When you first read about how to keep a laboratory notebook, it may seem complicated, especially if you are not quite comfortable with the scientific method yet. Don’t worry, with a little practice it will be like keeping a journal. You might even begin to enjoy keeping good records, and you will always appreciate your efforts in the future.

    Here are some tips for getting started:

    The basic requirements for a good laboratory notebook start with the choice of the notebook itself. Some companies sell special notebooks designed just for this purpose, but you do not need to buy something expensive if you are just starting out. The notebook you choose should be permanently bound (not loose leaf) and have a hard cover. A so-called composition notebook is one widely available example. If the notebook does not have page numbers, then go ahead and number the pages yourself, in ink.

    Get in the habit of always using ink when writing in a scientific notebook. If you are worried about mistakes, don’t be. In fact, you should never erase information or use liquid paper or whiteout. Instead, you should draw a single line through the mistake and write in the correction. Never black out mistakes. You may find you need that information later, if for nothing else than to prove what mistake you made. If you do not like the way you have arranged your data, you can always copy it onto another page in another format. But do not remove your original, simply draw a line through it. This is just a part of keeping a record of absolutely everything you did. Careers have been ruined over the suggestion that data was later changed or manipulated.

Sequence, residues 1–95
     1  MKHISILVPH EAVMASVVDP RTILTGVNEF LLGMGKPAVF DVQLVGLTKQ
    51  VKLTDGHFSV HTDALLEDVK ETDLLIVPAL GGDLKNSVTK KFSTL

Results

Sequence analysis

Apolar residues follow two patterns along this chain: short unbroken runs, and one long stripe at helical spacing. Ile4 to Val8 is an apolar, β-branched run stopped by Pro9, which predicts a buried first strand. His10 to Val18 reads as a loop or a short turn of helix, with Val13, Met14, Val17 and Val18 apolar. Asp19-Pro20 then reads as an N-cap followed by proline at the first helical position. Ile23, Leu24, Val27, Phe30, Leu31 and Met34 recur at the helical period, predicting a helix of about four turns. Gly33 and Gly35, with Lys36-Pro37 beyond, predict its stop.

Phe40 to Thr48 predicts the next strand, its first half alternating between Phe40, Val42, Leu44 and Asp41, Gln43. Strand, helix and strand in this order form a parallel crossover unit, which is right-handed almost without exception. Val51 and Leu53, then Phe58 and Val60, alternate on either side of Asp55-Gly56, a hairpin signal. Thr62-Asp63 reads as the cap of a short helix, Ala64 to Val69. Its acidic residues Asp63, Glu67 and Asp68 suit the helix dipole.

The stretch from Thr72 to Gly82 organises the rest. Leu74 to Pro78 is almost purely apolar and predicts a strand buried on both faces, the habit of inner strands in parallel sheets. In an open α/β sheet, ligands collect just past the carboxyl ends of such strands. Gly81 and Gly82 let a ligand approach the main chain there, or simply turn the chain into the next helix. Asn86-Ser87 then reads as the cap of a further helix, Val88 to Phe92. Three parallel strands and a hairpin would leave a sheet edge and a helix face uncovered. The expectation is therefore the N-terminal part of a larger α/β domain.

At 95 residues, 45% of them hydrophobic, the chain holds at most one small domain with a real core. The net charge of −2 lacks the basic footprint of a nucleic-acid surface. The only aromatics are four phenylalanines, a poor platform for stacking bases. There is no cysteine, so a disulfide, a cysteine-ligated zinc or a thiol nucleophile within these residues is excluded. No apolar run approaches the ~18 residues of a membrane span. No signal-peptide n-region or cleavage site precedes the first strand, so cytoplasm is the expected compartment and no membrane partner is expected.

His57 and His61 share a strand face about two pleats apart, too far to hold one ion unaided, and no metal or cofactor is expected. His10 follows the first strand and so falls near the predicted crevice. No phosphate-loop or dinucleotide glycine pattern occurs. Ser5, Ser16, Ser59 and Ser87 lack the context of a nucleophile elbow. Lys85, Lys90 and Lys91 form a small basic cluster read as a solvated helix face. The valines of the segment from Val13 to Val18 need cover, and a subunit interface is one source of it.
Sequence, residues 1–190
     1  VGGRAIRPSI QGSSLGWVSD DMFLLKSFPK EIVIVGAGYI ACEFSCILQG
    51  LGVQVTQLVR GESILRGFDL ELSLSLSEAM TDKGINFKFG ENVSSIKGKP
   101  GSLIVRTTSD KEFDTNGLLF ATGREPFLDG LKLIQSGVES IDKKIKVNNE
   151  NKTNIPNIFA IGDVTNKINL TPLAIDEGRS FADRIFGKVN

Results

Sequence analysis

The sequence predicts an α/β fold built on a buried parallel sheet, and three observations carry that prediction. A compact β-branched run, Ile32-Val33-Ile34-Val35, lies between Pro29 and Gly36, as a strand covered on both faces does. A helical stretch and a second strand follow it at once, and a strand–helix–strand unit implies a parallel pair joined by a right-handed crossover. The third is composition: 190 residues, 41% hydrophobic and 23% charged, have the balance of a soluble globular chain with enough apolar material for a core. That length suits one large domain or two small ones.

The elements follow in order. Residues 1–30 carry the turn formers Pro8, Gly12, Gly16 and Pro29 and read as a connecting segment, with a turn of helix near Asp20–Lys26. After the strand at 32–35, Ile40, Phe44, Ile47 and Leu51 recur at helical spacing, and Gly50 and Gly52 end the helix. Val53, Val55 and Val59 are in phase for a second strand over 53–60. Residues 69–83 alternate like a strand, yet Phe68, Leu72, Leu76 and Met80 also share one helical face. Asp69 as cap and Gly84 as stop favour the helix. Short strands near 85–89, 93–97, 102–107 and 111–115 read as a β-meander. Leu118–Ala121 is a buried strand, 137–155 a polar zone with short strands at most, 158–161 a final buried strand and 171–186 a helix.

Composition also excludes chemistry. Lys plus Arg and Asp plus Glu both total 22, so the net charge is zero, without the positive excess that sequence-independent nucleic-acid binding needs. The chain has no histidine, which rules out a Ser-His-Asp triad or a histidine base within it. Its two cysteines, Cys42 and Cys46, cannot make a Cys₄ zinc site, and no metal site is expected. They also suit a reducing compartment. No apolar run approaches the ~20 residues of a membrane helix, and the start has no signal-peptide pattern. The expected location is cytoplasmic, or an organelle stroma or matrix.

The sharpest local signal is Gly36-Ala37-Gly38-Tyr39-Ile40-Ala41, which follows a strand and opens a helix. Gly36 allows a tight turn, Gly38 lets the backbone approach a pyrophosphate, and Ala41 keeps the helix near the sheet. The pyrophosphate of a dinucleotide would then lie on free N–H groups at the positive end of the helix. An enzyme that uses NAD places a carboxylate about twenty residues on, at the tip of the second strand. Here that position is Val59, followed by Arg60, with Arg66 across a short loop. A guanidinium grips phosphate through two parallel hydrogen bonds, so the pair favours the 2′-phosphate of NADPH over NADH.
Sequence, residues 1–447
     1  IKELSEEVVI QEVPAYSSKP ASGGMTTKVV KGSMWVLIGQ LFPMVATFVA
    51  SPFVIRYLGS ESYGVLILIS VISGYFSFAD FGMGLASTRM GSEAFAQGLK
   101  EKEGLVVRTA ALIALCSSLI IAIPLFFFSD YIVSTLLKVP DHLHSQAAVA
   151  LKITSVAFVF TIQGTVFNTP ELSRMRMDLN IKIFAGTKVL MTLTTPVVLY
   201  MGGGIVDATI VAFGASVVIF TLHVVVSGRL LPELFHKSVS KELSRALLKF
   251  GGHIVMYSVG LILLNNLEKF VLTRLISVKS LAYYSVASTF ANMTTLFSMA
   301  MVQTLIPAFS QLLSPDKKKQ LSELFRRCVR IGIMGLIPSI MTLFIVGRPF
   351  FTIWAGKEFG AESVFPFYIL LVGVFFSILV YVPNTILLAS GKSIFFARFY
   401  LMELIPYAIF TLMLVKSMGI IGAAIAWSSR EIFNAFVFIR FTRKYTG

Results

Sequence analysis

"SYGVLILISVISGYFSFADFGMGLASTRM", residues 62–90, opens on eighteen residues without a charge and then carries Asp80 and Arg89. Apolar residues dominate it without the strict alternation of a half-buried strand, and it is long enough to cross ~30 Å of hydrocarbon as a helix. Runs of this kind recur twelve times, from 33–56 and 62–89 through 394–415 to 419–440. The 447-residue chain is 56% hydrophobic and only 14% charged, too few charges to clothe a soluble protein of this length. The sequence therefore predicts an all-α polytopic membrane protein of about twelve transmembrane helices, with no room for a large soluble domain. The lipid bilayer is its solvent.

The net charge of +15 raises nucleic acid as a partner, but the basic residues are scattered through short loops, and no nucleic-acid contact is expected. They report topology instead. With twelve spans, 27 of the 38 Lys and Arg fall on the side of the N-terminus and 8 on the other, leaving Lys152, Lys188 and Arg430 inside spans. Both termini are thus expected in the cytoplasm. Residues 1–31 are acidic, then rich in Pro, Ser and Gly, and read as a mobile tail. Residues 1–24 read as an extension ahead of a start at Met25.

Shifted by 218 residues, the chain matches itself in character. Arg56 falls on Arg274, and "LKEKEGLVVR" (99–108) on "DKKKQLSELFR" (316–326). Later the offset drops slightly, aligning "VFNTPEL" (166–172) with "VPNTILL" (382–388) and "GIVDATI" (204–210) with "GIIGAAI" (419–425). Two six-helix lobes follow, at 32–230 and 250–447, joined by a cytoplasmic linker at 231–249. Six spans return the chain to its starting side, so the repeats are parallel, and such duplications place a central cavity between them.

Always start the notebook with your name, address and phone number. This will facilitate its return should you loose it.